The literary works of Christine de Pizan elevate women’s intellect and moral integrity. Pizan presented innovative mythological allegories to revise and replace existing popular medieval literary works, including works known as the dream vision. Traditionally, medieval dream visions negatively represented women in works that emulated misogynist views.

On Pizan and Emerging Trans-Female & Trans-Male Identities

In The Book of the City of Ladies (1404), the main character changes gender, from female to male, a transformation of a transgender identity that contrasts with both classical homoeroticism and Ovid’s attention to the ‘gender neutral’ Iphis. Ovid’s Iphis, regardless of her androgynous physical traits and name, fails to embrace an ‘imposed’ male identity, as witnessed by Iphis’ rejection of amorous desires or marriage with another female. “The two loved and longed for each other, but Iphis was filled with doubt. Ianthe thought Iphis was a boy, and Iphis believed lust between two women was immoral” (WordPress on Ovid’s “Iphis,” from Book IX of “Metamorphoses”).

Yet, in Pizan’s allegory, the new identity is not questioned, but embraced – perhaps due to the fact that the character wishes to change their own gender.

And my appearance was changed and strengthened,/And my voice become deeper,/And my body, harder and more agile./But the ring that Hymen had given me/Fell from my finger,/Which troubled me, as indeed it should For I loved it dearly. / Now I will prove that I became a real man.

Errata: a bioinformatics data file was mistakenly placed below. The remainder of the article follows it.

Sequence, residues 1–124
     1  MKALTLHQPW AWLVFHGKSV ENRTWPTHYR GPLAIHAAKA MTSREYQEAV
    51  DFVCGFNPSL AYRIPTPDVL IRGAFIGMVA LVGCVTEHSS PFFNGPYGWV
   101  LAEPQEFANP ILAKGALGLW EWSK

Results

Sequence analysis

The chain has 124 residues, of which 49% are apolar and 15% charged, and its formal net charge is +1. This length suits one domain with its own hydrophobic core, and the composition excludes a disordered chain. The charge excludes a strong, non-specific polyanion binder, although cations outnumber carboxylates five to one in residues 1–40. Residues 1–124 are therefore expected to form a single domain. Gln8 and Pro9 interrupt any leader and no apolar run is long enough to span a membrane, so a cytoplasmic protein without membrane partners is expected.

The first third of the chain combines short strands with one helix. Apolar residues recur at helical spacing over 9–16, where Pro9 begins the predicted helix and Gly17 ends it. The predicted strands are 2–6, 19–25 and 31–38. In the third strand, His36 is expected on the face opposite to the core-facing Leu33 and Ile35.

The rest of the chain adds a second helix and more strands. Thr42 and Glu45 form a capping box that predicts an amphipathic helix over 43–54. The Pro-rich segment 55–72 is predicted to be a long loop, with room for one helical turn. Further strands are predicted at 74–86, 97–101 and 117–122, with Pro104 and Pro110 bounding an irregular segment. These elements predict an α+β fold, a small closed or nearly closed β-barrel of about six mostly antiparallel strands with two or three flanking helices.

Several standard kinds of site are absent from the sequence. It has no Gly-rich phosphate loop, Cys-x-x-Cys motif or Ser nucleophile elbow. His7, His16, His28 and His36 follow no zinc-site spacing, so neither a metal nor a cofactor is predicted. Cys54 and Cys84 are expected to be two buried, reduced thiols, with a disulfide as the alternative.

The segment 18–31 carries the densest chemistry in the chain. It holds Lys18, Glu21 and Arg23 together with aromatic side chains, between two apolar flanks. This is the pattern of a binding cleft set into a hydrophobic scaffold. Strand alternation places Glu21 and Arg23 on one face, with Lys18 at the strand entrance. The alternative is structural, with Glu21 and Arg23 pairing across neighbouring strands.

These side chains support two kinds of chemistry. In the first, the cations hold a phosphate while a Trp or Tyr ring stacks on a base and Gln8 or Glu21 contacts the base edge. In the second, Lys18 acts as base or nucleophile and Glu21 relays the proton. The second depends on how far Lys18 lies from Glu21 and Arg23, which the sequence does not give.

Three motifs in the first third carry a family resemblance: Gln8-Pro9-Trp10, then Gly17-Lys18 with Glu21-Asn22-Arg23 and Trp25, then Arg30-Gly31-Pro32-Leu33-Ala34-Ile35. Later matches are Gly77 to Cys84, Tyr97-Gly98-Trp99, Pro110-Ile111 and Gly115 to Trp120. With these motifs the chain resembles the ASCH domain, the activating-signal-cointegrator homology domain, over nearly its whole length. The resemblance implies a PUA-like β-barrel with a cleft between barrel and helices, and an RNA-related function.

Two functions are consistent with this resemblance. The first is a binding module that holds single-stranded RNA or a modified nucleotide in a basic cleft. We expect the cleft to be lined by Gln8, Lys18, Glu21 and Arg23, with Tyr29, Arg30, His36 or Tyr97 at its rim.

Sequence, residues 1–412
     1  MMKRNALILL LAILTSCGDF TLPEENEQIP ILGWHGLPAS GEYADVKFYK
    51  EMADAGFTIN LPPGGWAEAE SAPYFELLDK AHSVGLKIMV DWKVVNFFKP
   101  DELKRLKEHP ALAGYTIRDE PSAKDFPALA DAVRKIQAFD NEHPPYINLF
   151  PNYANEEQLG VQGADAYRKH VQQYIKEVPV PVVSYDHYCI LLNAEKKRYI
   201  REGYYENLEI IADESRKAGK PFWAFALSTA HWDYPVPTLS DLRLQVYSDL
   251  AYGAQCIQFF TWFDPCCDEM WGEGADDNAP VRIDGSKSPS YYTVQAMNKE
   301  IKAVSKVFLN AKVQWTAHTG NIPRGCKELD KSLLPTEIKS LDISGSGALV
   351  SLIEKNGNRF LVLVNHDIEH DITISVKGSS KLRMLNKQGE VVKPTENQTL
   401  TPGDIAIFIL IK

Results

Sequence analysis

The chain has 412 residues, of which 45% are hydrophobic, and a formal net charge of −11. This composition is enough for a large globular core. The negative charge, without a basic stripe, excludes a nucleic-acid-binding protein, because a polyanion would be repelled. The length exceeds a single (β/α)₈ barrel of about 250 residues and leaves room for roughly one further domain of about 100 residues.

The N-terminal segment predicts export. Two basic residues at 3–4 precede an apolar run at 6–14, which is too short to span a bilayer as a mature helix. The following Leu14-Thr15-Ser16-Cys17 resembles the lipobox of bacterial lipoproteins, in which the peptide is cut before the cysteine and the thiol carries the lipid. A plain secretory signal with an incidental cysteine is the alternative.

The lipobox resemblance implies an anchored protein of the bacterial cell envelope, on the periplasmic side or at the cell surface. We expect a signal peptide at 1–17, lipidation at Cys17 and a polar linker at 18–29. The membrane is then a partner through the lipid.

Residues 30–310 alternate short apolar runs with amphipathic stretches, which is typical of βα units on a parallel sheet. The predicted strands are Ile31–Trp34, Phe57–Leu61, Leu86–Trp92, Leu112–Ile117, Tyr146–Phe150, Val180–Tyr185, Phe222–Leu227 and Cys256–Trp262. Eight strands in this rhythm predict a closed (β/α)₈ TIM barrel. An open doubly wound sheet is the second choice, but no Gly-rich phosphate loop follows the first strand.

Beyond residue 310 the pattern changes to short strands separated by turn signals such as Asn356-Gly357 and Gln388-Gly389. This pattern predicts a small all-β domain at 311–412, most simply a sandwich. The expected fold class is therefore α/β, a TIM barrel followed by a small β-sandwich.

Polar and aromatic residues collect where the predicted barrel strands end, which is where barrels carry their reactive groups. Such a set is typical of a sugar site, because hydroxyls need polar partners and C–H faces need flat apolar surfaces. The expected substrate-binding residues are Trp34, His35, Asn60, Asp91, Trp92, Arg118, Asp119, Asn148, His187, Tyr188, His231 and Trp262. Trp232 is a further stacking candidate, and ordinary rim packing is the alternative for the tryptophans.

From this perspective, her feminism is cultural work as an activist and reformer through literature. Her works show a methodology to revise and reform through her version of feminism.

On the #MeToo Movement’s Dialectic and Sustainability

One rationale as to why the work of Christine de Pizan is not taught in university courses, including in Gender Studies and LGBTQ+ Studies classes, historians argue, may be due to her choice to reform within the current social order, in place of advocating for revolutionary change. And perhaps, another related reason lies in how Pizan’s work is seen by critics as supporting the status quo too conservatively, which places women of different socioeconomic status and people of various genders and religious doctrines in an unequal disadvantage. Recent #MeToo criticism on Pizan addresses past efforts that have understood her work as ‘ambivalent’ (Holland and Hewett).

“Christine’s views as ‘ideologically ambivalent’, almost conservative…Because critics have often taken Christine for conservative, feminists have sometimes hesitated to cite her (Richards 1998).”

Yet, recent literary work inspired by the #MeToo movement has renewed the gestalt against misogyny – similar to Pizan’s critiques of misogyny in her time, especially on subject matters concerning rape, which elevates her feminism then and now.

“Christine de Pizan’s narratives of rape prevention and retribution revise the social rape ‘scripts’ that focus on women’s essential vulnerability (#MeToo and Literary Studies 328).”

In light of the #MeToo Movement, perhaps Pizan’s limitations also reflect that she ‘reformed’ and ‘revised’ within her present-day superstructure: Christianity, politics, and social society.

On the work of Pizan and Ecocriticism